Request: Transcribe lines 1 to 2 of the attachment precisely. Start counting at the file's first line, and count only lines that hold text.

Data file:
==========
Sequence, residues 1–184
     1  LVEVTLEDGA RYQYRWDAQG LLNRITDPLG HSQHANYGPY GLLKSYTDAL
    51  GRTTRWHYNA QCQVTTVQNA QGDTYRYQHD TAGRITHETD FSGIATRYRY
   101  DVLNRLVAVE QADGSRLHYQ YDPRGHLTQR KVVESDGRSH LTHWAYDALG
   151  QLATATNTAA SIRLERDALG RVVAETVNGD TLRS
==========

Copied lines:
Sequence, residues 1–184
     1  LVEVTLEDGA RYQYRWDAQG LLNRITDPLG HSQHANYGPY GLLKSYTDAL